New Employment Laws in California for 2015 (Part Two)
In the first part of this series, we discussed some of the new employment laws going into effect in California for 2015 involving paid sick leave, discrimination protections for unpaid interns, mandatory harassment training, and protections from immigration-related discrimination. The following are some of the additional changes in the law that may affect employees in our state.
Heat Illness Prevention
A new safety and health provision was enacted intending to protect workers with outdoor jobs from illnesses and conditions related to overexposure to heat. State law already required employers to allow and even encourage workers to take rest and recovery breaks in the shade for at least five minutes when necessary to avoid heat-related illness. The law did not previously specify whether or not such recovery breaks should be counted as paid time, however, the new amendment to the law requires that employers count recovery breaks as time worked and compensate workers for such breaks.
Additional Damages in Child Labor Cases
The Child Labor Protection Act of 2014 provides treble damages for victims of unlawful employment actions that occurred when the individual was a minor. Treble damages mean that the court will automatically multiply the amount of actual damages suffered by three. The statute of limitations in such cases will also be paused until the victim reaches the age of 18 years.
Local Minimum Wage Increases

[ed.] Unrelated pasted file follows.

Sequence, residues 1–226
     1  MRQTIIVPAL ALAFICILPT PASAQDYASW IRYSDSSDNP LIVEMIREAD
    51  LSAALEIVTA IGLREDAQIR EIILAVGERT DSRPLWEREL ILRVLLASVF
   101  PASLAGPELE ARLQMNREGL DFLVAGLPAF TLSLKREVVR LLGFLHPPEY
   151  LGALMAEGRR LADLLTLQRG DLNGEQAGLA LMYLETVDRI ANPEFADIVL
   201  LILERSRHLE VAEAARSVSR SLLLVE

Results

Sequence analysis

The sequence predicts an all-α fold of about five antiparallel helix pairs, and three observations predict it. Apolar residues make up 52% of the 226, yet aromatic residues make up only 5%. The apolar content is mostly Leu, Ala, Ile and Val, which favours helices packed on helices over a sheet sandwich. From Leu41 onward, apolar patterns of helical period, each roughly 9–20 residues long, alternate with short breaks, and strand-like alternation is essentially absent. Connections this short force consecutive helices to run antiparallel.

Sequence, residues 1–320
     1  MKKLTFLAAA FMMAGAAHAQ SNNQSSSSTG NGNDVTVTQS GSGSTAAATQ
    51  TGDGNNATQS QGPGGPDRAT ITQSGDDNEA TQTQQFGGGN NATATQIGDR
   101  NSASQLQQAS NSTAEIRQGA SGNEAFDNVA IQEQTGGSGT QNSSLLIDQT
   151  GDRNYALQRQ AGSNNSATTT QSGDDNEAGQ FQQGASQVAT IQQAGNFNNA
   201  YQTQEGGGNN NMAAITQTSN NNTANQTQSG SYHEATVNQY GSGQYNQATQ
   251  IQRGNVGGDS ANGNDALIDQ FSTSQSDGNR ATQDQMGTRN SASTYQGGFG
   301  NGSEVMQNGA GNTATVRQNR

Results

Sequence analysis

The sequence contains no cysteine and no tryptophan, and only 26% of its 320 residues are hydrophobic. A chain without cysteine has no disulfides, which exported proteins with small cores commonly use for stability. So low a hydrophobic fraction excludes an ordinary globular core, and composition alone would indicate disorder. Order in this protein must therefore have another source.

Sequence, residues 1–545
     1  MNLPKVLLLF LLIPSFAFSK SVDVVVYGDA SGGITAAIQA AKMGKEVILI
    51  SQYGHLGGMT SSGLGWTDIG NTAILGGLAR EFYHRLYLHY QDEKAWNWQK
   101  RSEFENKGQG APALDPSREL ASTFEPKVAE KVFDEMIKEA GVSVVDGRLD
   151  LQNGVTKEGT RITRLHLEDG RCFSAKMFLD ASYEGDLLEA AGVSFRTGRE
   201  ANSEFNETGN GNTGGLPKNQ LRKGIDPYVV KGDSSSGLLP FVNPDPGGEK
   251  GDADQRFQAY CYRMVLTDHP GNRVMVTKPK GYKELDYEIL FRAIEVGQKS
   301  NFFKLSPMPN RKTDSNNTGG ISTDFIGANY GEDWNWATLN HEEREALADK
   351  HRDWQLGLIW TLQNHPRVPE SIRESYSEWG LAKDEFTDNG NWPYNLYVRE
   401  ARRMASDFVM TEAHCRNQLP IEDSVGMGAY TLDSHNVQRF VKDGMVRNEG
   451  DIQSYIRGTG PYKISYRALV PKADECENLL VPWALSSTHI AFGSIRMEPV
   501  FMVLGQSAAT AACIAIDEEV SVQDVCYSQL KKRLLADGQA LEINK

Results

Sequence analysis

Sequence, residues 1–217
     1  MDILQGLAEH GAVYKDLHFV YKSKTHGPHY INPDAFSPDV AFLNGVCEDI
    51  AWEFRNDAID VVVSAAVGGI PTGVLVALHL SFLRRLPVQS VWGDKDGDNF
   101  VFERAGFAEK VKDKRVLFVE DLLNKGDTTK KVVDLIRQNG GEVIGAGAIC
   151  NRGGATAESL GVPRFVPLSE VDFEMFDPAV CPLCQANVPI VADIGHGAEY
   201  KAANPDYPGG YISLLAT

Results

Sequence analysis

As of July 1, 2014, minimum wage for California workers is $9.00 per hour, as opposed to the federal minimum wage of $7.25. The state minimum wage is set to increase again in 2016 to $10.00 per hour, however employers should also pay close attention to any relevant minimum wage laws on the local level. For example, San Francisco minimum wage increased to $11.05 as of January 1 of this year, and is set to keep gradually increasing up to $15.00 per hour by 2018. The next increase to $12.25 per hour will take place this coming May. Oakland also passed a similar law for its local minimum wage, and Berkeley’s minimum wage is currently at $10.00 with two additional increases in the next two years. All employers should be sure to comply with all local minimum wage laws if they are higher than the state minimum wage.
Penalties to Victims of Retaliation
Previously, California law penalized employers up to $10,000 for unlawful adverse employment actions in retaliation for a worker filing a complaint with the California Division of Labor Standards Enforcement. The law, however, did not specify to whom the $10,000 would be paid. The new amendment specifies that the victim of the retaliation should receive the funds from the civil penalty.